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Michael Power, Lecturer in History at the University of Liverpool, describes the change in standard and styles of domestic building between 1330 and 1660 and discusses the economic and social reas...ons for what he calls 'a revolution in housing standards'. Using Kings Lynn as a case study Dr Power analyses housing in its urban context. He then discusses the growth of towns in the late 16th end early 17th century with special reference to London and looks at written source material which gives evidence of urban change.
Metadata describing this Open University video programme
Module code and title: A322, English urban history 1500-1780
Item code: A322; 04
First transmission date: 15-03-1977
Published: 1977
Rights Statement:
Restrictions on use:
Duration: 00:24:30
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Producer: Patricia Hodgson
Contributor: Michael Power
Publisher: BBC Open University
Keyword(s): King's Lynn; London's East End; Tudor architecture
Footage description: The programme opens with prints of seventeenth century London and Coventry, over which Michael Power briefly explains what can be learnt from urban buildings. From the studio comments further on the merits of studying domestic buildings and describes the extent of urban rebuilding between 1550 and 1660. Over prints of London by Wyngaerde and Holler, Power remarks on the buildings of 16th century London. Hooker's map of Exeter is also displayed. In the studio, Power describes the effect of industrialisation on the physical appearance of most towns. He gives reasons for examining Kings Lynn. Over aerial and other views of the town, Power sketches a brief history. Over film of a medieval house, he describes its plan and features. It is compared with Thoresby College, built in 1510. Kings Lynn's Hampton Court is described over film of the house. Power outlines some developments in domestic architecture in the early modern period. Over film of Greenland Fishery, Power explains the significance of the 16th century developments embodied in this house. The social significance of the period of rebuilding is explained. Another house in Kings Lynn is shown and described as an example of Renaissance architecture. In the studio Power comments on regional styles of architecture. Over prints of Chancery Lane in the 16th century and of other London buildings, Power describes architectural fashions in the capital. Buildings in Ludlow and Coventry are also shown. The growth of wealth in the period is described over a painting of a Bermondsey wedding by J. Hoefnagel. 16th century population growth is described over a print of London's East End by Wyngaerde. The building of Covent Garden is examined in detail, and Inigo Jones's map is shown. Lindsey House is discussed as an example of classical building. Aerial view of Kings Lynn and shots of 16th century warehouses in the town. The influenceof trade as is evident in the town's buildings is considered. Finally, the town environment as a whole is described, over shots of streets and markets in Kings Lynn.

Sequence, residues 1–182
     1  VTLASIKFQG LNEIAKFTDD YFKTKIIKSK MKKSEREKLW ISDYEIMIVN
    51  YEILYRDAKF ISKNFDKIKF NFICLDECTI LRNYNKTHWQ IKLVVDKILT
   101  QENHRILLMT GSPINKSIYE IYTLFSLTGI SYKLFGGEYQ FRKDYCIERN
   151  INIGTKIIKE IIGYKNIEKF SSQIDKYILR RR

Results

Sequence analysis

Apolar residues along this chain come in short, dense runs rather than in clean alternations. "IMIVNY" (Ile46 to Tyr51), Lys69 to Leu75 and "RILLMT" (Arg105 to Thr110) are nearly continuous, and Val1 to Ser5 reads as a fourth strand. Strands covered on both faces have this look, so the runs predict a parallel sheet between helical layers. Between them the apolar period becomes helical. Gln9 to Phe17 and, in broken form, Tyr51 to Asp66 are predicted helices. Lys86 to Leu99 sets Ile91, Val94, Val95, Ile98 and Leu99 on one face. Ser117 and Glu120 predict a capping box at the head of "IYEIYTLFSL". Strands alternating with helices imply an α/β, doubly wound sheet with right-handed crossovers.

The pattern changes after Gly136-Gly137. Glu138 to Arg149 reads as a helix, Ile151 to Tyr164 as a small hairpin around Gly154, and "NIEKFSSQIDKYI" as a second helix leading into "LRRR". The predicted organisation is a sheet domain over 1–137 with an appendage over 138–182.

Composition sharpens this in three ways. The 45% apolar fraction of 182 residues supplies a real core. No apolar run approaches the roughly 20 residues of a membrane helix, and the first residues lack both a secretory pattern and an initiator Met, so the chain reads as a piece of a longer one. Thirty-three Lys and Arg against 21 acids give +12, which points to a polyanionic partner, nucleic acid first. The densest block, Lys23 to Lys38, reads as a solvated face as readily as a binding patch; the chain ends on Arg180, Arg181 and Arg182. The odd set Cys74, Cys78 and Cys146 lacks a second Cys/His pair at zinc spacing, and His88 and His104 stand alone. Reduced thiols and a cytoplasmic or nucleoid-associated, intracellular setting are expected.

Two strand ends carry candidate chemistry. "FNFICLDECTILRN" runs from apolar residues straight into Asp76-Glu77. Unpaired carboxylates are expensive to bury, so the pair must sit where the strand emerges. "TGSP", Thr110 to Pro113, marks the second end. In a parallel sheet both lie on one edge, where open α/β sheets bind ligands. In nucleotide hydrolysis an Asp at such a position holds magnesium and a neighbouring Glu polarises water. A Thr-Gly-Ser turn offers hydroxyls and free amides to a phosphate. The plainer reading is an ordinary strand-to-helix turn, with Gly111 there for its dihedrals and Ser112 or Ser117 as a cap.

Master spool number: 6HT/32326
Production number: 00525_3264
Videofinder number: 3324
Available to public: no